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Timeline About the exhibit. . .
Regional Exhibits View Regional Research Exhibits.
Hall of Fame AKA's Timeless Fighters for Civil & Human Rights.
Media Gallery Video profiles and interviews.
  • Introduction

    Alpha Kappa Alpha
    Contributions to the Civil Rights Timeline

    centralAs the nation reaches the 50th anniversary of the modern Civil Rights movement, the Alpha Kappa Alpha Sorority, Inc, has developed an exhibit to document and celebrate the civil rights heritage of our sorority and its individual sorors.  Their stories, together with vintage and contemporary photographs, publications, memorabilia, and audio-visual materials have been collected by the members of the International Archives Committee to be presented in this online exhibit and within the Unsung Sorors of the Civil Rights Movement museum exhibit at Boule 2012.

  • Welcome

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    International President

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    International Archives Chairman

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  • 1908 - 1953

    The Pioneering Prelude: 1908 – 1953

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    The exhibit opens with a section that acknowledges the outstanding civil rights contributions of our earliest sorors.  Through most of the southern United States, beginning in the latter part of the 19th century and becoming the entrenched law of the land by the early years of the 20th century, segregation by race was the legal system.  That is, by law, blacks and whites were separated in all public facilities.  Blacks could not eat in restaurants, stay in hotels or motels, swim in public beaches or pools, or attend the same schools or churches if any of these facilities or institutions were used by white people.  The sorors of Alpha Kappa Alpha recognized that they were on a battlefield.

  • 1954 - 1959

    Erasing the Color Bar: 1954 – 1959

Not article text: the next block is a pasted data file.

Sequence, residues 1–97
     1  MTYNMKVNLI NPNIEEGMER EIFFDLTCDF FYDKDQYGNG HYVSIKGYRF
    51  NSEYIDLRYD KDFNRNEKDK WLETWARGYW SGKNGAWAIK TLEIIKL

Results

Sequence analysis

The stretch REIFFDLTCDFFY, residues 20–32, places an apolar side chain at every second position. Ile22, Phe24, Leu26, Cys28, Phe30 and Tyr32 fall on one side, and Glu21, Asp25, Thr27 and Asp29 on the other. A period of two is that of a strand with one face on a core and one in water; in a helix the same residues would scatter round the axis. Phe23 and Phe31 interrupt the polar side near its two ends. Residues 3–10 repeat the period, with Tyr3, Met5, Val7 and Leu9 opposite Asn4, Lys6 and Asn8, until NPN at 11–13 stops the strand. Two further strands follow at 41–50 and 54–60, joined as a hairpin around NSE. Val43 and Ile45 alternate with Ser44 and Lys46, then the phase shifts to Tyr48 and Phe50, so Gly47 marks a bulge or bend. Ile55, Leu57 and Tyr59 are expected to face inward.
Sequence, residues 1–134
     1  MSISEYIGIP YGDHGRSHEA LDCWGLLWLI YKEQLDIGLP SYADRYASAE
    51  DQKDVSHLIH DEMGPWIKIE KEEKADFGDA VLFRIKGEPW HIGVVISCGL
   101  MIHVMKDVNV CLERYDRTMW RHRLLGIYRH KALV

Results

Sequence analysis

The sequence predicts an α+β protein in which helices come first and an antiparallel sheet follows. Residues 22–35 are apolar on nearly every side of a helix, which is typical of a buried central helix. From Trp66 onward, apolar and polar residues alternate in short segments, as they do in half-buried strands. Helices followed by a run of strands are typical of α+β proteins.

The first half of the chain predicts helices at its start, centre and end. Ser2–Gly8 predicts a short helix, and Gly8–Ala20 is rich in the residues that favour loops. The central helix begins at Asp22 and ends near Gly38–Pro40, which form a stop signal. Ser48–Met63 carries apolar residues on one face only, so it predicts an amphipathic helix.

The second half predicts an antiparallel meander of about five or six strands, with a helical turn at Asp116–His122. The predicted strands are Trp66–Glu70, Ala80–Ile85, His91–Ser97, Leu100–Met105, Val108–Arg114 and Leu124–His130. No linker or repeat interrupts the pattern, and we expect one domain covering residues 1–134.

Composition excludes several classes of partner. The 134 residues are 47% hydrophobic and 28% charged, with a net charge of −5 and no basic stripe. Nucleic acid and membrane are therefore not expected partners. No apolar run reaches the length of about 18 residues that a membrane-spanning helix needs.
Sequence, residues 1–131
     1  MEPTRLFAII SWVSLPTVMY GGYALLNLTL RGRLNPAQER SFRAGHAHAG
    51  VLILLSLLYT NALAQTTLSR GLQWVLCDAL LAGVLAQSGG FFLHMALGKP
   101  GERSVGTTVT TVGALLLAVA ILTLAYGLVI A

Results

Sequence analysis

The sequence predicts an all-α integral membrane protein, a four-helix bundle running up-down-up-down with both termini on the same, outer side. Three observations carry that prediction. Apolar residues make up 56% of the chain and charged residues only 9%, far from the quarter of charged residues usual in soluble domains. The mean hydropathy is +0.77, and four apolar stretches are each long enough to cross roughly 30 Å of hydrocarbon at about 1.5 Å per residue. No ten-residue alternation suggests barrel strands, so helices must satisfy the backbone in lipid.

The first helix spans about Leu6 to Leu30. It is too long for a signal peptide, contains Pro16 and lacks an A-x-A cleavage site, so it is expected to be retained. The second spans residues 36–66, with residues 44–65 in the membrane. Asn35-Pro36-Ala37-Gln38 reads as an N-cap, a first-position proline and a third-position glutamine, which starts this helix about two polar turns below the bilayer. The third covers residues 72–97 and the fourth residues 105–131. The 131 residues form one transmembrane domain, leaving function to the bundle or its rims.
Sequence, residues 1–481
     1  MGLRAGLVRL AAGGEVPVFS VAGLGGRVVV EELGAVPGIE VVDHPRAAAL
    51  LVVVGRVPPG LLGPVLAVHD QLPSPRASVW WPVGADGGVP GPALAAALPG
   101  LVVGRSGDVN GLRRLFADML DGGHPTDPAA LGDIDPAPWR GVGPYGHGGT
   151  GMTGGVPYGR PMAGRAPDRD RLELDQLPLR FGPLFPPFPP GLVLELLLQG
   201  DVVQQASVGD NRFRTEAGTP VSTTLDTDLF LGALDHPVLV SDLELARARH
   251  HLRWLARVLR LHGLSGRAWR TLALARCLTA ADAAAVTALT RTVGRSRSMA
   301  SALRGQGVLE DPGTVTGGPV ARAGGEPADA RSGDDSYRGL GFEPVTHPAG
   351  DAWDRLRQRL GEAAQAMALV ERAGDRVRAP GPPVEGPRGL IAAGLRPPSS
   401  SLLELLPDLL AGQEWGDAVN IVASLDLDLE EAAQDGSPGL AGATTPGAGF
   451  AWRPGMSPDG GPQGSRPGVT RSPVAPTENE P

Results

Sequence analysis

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    During this span of time, racial segregation is being enforced as the law of the land.  African-Americans are not permitted to vote, to serve on juries, to enjoy mainstream public accommodations like restaurants, movie theaters, concert halls, hotels, public toilets, and swimming pools.  But, our visionary sorors are active participants in the struggle to eliminate the persistence of this racism.  The “separate but equal” laws are attacked and erased, beginning with Brown v. Board of Education.  It is time to recognize and honor this legacy.

  • 1960 - 1965

    Battles for Equality: 1960 – 1965

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    Throughout this period, steps are being taken to dismantle Jim Crow laws and to implement equal opportunity laws for women and racial minorities. The sorors of Alpha Kappa Alpha continually acknowledged the power of literacy and education in overcoming racism, inequality and poverty.  Sorors in Civil Rights organizations, e.g. NAACP, SCLC, CORE, SNCC lead Freedom Riders, sit-ins, boycotts, voter registration drives, and march on Washington.

  • 1966 to Present

    Epilogue/Contemporary:1966 – Present

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    The legacy lives on!

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Video Stories

 Soror Janette Houston Harris :: North Atlantic Region  Soror Minnijean Brown-Trickey :: South Central Region  Soror C. Delores Tucker :: North Atlantic Region
 Soror Olga Hudson :: South Eastern Region  Soror Rosa Parks :: South Eastern Region  Soror Dorothy Cotton :: South Eastern & Great Lakes Regions

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